Where is her heartbeat? That question changed everything.
We were only two weeks away from our daughter’s due date. All three of our sons had come a week or two early. Anticipation was high. Any day now our first girl, Nicaea, would be snuggled in our arms.
Everything was ready for our home birth. We were old pros. Each of our sons were born at home in a pool specially designed for water births. All the needed materials and equipment were organized neatly in the corner of the room. All the boxes were ticked on our checklist except one.
We still had one last routine checkup with our midwife, Gay. My wife, Emily, had already seen our back-up doctor a few days before. He had said everything looked good. We expected to hear the same from Gay.
Emily raced home from the grocery for the checkup. We were trying to squeeze it in before heading over to the Monroe County Fair. I had only a few hours before I needed to be at work. Time was of the essence if we were going to eat elephant ears and ride the tilt-a-whirl.
Our house was like a busy intersection. Shirtless boys zipped around searching for their shoes. I quickly put away the groceries and made salami sandwiches. All the while Gay kept moving her doppler around my wife’s plump belly.
Her face increasingly wore a concerned look. Emily’s began to look the same way.
I asked, “Is something wrong?”
“Yes,” Gay said. “I can’t find the heartbeat.”
Everything stopped. It was quiet. I was still. The boys were still. Emily’s face was empty with shock.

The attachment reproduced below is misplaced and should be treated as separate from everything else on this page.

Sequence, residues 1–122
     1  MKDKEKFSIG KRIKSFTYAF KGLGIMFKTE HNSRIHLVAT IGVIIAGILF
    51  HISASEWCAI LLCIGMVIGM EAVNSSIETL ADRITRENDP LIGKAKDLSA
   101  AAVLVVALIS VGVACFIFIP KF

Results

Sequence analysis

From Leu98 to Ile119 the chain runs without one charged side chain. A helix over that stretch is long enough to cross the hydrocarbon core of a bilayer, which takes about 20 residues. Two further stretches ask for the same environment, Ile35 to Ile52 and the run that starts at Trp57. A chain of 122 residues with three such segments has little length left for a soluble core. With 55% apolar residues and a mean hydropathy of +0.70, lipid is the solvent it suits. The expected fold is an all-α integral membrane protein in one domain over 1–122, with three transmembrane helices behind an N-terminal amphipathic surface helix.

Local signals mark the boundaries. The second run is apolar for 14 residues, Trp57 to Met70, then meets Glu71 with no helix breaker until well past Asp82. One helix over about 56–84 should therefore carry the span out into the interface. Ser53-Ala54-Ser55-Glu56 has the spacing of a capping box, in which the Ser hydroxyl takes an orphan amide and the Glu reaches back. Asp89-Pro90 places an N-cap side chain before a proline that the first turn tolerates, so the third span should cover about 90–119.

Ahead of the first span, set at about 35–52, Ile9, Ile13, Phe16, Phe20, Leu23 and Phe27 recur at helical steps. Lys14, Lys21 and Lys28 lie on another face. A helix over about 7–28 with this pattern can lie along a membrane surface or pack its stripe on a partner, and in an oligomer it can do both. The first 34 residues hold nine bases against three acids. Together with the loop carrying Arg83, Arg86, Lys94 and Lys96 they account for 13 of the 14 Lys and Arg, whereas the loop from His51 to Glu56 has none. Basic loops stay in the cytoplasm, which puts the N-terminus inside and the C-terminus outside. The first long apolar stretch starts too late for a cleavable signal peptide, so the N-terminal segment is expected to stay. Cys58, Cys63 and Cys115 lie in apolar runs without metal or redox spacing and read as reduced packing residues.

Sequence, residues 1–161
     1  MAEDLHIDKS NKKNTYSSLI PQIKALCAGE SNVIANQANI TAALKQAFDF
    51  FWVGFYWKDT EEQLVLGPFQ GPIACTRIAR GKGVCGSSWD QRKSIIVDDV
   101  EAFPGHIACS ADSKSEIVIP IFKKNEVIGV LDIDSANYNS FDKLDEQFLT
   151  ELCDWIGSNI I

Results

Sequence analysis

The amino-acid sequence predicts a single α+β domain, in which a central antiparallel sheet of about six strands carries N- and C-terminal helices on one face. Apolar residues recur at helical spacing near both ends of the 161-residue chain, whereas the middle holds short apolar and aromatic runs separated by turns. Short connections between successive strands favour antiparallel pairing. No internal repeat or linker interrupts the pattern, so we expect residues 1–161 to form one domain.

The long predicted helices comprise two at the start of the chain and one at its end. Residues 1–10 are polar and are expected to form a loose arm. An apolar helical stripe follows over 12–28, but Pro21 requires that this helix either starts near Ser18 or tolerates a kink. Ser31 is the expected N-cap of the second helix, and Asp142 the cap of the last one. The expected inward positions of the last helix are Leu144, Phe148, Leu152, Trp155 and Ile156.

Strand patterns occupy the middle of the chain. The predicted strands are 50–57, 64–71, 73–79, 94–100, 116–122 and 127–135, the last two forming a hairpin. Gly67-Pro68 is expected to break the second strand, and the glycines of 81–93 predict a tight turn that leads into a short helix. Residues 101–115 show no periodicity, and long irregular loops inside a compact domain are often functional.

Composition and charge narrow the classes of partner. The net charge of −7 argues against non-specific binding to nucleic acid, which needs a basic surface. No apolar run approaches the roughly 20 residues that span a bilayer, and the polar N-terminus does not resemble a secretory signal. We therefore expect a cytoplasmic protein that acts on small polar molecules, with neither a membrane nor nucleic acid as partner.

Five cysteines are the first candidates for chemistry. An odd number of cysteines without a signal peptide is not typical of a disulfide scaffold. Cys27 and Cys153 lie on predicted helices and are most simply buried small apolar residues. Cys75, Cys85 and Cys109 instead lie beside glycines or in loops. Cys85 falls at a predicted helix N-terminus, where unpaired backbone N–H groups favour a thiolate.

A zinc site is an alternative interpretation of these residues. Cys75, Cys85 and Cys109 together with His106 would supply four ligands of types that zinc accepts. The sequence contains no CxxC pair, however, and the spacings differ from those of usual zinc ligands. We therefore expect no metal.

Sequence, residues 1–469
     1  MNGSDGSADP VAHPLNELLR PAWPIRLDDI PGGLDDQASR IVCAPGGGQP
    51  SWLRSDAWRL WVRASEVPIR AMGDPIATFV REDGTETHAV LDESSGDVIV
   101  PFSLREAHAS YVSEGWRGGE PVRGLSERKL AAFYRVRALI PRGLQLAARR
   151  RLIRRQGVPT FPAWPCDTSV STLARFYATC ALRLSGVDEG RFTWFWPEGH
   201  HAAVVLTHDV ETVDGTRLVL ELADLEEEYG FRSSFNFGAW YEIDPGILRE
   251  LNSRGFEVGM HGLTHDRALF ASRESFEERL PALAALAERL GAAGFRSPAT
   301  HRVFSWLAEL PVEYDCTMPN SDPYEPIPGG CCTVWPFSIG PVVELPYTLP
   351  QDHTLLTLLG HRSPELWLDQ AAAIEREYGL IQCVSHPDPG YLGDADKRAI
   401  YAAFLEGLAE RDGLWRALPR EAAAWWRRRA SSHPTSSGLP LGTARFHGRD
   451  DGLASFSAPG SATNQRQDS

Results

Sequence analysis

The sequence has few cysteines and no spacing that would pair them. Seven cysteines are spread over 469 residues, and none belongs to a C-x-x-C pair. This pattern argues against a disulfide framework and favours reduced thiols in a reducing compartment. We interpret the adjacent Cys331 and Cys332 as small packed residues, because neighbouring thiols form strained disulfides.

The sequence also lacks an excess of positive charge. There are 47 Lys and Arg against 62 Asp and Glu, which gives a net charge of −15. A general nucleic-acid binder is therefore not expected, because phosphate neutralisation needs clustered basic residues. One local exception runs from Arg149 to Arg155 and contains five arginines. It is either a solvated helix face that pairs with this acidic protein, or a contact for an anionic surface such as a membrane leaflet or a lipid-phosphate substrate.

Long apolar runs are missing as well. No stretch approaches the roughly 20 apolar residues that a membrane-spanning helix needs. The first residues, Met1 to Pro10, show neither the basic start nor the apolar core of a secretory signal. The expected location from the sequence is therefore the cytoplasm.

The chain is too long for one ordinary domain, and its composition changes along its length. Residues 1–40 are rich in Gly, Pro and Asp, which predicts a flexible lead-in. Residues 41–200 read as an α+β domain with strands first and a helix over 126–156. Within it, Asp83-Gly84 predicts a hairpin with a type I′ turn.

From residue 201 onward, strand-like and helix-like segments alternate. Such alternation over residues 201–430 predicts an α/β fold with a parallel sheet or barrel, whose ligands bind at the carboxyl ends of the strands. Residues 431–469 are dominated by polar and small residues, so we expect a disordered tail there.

My oldest son’s voice broke the silence.
“Is Nicaea okay?”
I told him she was fine. I had just felt her kick the night before. The doppler must be broken.
Nonetheless, we packed everyone in the minivan and went straight to the doctor’s office. The boys sat in the waiting room with Gay’s assistant. I accompanied my wife into the ultrasound room. Minutes later it was confirmed that Gay’s doppler wasn’t broken. There was no heartbeat.
Nicaea’s life was gone. She was dead.
I held my wife as she cried. My denial was melting away. This was really happening. We had lost a child.
The doctor told us that we could either wait for labor to begin naturally or induce. We thought inducing labor would be the wisest course of action. An appointment was set for later that night at Bloomington Hospital.
The boys needed to be situated. I left Emily with Gay and walked outside. I kept my composure as I passed through the waiting room. I smiled at the boys. They needed to be shielded from this for the time being.
I walked a few yards from the exterior door of the doctor’s office. All my emotions started to fire like the revving of a race car engine. Pain, anger, and confusion shot through me and exploded with a loud scream. What started as a standing howl ended with me sobbing on my knees.
People stared. I didn’t care. I only cared about my family.
I gathered myself. I asked God for strength. And I went to work.
I made all the necessary calls. Our pastors, parents, and closest friends were informed. Some good friends came and picked up the boys. Gay left so she could prepare our hospital appointment later that night. It was just me and Emily.
We stopped at McDonald’s on the way home. It was going to be a long difficult night. It was difficult to eat but we needed to have food.
I remember the sky was pure blue that day. It seemed all wrong. Shouldn’t it be raining?